One is a “pastel”. Two or more are “pasteis”. Portuguese lesson done.
It is an amazing, deep fried, stuffed, flaky pastry filled with anything you can imagine. It is considered a fast food in Brazil. Something you order as a snack in a restaurant with street-side seating, in the middle of the afternoon, made from fresh ingredients and cooked to order on the spot. Great with a beer or a coke.
Or you go to a pastelaria. They have entire establishments in Brazil devoted to making dozens of varieties of pasteis. They make both savory and sweet versions, in a huge assortment of options. Because the canvas of possibilities for fillings are endless, I am focusing on only two today: meat and mafioso pasteis.
As I said before, we are making meat stuffed and mafioso (think Italian) pasteis. So these are the ingredients you will need.
I used to make my dough from scratch. It was a somewhat painful process, and required working with a dough that is not exactly friendly. It is tough, inelastic, needs to be spread very thinly, and is ornery enough to split when you get it thin enough.
Then one day my brother Mike told me he used frozen, raw empanada dough to make his. I’ve had empanadas and the texture of the dough did not seem similar. But in frustration with the amount of effort required without the specialized equipment they have in pastelarias, I gave in and tried the frozen empanada dough. Hello! Tasted exactly like the one I was making from scratch while sweating and making several not-so-nice comments along the way. Thank you, Mike!
HERE ARE SOME KEY TIPS
Let’s start with the meat pasteis.
Prepare the meat filling first to give it time to cool before assembling the pasteis.
First, brown the ground beef, then add the onion, garlic and olives. I recommend you wait until you have fully incorporated the additional ingredients to the meat before salting. Olives have a lot of salt so once it is fully incorporated, you might add less salt than you would have otherwise.
Cook only long enough to make the chopped onions a little translucent. If you are using low fat ground beef, add a drizzle of extra virgin olive oil to the meat mixture while warm and stir in thoroughly. Just a couple of tablespoons. When you deep fry these little gems, the filling should be juicy when you bite into it. Adding fat in the form of EVOO is probably better for you than the fat from a less lean ground beef mixture, but for some meat-a-sauruses, there is no substitute.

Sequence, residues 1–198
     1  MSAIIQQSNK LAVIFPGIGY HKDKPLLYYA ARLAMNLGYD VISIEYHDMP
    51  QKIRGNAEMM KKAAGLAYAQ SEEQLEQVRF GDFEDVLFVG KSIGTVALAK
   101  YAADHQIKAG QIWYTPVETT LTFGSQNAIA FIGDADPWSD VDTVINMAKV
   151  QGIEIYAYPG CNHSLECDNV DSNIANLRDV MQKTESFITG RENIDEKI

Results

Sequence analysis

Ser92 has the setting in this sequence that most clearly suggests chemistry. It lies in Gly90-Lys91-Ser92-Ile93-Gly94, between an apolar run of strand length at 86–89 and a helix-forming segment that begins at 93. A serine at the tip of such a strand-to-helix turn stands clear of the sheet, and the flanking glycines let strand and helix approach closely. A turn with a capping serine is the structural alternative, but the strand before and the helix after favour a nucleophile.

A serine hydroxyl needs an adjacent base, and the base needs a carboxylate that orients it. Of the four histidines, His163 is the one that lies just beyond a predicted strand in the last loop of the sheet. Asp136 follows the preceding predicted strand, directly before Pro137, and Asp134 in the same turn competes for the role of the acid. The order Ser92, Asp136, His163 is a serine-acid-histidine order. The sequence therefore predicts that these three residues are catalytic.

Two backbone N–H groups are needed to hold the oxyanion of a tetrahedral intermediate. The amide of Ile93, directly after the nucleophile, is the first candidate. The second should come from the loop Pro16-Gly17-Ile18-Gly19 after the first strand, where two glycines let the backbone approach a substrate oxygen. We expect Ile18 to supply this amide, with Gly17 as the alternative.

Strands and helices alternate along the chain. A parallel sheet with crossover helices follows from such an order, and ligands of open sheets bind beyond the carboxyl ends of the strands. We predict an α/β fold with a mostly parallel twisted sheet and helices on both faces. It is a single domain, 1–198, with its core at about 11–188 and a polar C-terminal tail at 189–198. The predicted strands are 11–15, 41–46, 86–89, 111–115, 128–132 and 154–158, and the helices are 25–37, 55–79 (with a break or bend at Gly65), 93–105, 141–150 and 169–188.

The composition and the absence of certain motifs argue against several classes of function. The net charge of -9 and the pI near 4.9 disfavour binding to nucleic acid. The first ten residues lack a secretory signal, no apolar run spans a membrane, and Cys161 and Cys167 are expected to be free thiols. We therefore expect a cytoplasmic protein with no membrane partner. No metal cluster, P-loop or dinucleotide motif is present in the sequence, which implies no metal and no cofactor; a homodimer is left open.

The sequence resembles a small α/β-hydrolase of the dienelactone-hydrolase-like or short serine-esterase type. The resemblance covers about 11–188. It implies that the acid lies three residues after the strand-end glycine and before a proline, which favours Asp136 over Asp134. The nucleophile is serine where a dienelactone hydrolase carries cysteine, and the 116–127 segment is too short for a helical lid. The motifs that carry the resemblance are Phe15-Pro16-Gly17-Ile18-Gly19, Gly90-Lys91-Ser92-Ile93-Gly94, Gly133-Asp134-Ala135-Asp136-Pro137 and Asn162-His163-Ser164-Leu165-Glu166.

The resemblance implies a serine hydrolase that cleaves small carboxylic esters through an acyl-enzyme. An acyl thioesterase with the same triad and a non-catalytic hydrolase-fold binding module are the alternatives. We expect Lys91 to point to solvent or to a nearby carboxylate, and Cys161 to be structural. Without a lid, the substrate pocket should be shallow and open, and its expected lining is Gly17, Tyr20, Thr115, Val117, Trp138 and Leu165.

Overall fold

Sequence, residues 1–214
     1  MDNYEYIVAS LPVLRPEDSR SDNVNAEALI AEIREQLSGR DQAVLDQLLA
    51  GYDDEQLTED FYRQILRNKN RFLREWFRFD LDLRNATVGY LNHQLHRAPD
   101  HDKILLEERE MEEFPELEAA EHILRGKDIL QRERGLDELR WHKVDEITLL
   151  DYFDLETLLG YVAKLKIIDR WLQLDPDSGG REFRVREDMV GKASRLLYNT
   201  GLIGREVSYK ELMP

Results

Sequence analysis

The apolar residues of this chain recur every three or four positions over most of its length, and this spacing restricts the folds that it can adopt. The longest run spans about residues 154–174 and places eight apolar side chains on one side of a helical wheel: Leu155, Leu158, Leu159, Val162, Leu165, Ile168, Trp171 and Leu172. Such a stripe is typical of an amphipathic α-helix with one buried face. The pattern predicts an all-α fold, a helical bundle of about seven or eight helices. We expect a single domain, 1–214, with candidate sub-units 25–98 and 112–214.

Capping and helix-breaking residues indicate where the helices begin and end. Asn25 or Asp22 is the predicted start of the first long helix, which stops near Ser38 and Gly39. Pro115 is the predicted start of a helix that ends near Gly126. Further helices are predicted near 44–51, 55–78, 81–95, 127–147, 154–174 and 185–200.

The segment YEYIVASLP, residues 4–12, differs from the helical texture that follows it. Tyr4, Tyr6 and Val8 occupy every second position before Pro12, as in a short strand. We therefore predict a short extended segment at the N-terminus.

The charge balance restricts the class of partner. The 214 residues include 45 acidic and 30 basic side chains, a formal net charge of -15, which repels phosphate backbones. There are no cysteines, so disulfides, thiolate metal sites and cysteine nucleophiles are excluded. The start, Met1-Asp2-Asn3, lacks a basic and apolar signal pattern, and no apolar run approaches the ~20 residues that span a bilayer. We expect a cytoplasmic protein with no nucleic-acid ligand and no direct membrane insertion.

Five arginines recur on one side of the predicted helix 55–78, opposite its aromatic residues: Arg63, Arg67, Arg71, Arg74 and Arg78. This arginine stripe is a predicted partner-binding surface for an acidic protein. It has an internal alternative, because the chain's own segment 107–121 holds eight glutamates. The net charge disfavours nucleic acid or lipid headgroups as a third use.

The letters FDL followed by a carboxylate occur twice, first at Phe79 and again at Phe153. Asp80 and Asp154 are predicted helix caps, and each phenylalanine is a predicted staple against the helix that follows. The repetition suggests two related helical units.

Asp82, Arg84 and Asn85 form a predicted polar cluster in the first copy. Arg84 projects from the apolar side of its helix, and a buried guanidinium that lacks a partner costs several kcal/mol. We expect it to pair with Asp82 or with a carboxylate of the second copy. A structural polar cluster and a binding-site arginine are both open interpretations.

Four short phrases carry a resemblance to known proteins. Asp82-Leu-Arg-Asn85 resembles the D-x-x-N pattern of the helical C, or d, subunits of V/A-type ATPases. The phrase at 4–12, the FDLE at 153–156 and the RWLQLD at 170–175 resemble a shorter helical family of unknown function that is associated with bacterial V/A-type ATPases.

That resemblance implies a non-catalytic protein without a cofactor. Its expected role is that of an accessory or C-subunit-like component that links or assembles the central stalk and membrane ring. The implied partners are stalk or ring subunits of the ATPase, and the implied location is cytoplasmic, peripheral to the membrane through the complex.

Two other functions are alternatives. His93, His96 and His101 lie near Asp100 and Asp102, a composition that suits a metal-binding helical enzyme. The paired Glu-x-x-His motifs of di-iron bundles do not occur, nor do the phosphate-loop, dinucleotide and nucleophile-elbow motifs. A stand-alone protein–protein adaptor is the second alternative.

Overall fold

Remove the meat mixture from the hot pan to a bowl and cool to room temperature.
I get the frozen empanada dough from the local Asian market. But I’m pretty sure Wal-Mart carries them, at least in some parts of the country. And the Hispanic markets carry them as well. I usually buy several packages and keep them in my freezer for when I’m in the mood to cook up a batch. Be sure to defrost the dough fully before handling.
I learned, once I switched from my homemade dough, that the frozen empanada dough needed to be thinner. I use the lasagna noodle attachment on my standing mixer to achieve the degree of thinness I need. I set the tool to its thinnest setting.
Separating the empanada dough layers from each other can be very frustrating. Depending on the amount of moisture (or lack thereof) present in the storage bag, the layers of dough may stick to each other or get mushy if too moist. Be patient and separate them slowly.
I find that putting all of them through the lasagna noodle press at one time makes assembling the pasteis more efficient. Once thinned, I store them in my tortilla warmer, covered loosely with plastic wrap to keep them moist.
How about putting these guys together, huh?
Select one of the thinned sections of dough, place 2 to 3 teaspoons of meat filling in the center…
…dip your finger in a container of reserved water to trace a wet coat around the edge of the dough. This will help ensure a more impenetrable seal for your pastry. Believe me, having one of these come apart in a deep fryer is totally demoralizing. It makes you want to weep. Don’t skip the “dampening the edge with water” step.
Then fold the dough over, and don’t be afraid to use your thumb and fingers to tuck the filling into the middle while you do it. There should be no filing around the moistened edges because you don’t want solid matter to compromise the integrity of your seal. Again, think stuff coming apart in the fryer.
Lightly press around the edges with your fingers to ensure a debris-free edge.
Then use a fork to press the moistened edges together on both sides. That’s right, press the edges on one side, flip the pastel over and press it on the other side.
Have I mentioned the frustration of a pastel coming apart in the fryer? It’s not an abstract fear. It is a reality to be avoided at all costs.
The good news is that if you adhere to these steps, you should be able to fry your entire batch with no casualties.
Let’s talk about making the mafiosos.
Here’s what you need to make the second version; the mafioso pastel.
Keep in mind that a pastel, made with fresh ingredients and fried to order, will be so delicious that making a small batch is totally counter-productive. I never make less than 20, and have been known to make 40 or more. Today I made 10 meat and 10 mafioso. Leftovers stored in the fridge and reheated for future consumption are so good you will need to make extras because everyone will go back again and again until they are all gone.
Because these jewels are deep fried you don’t want too much water building up in the inside. For that reason, before chopping your tomatoes into small pieces, be sure to remove the center seeds and connective tissue. A teaspoon works very well for this.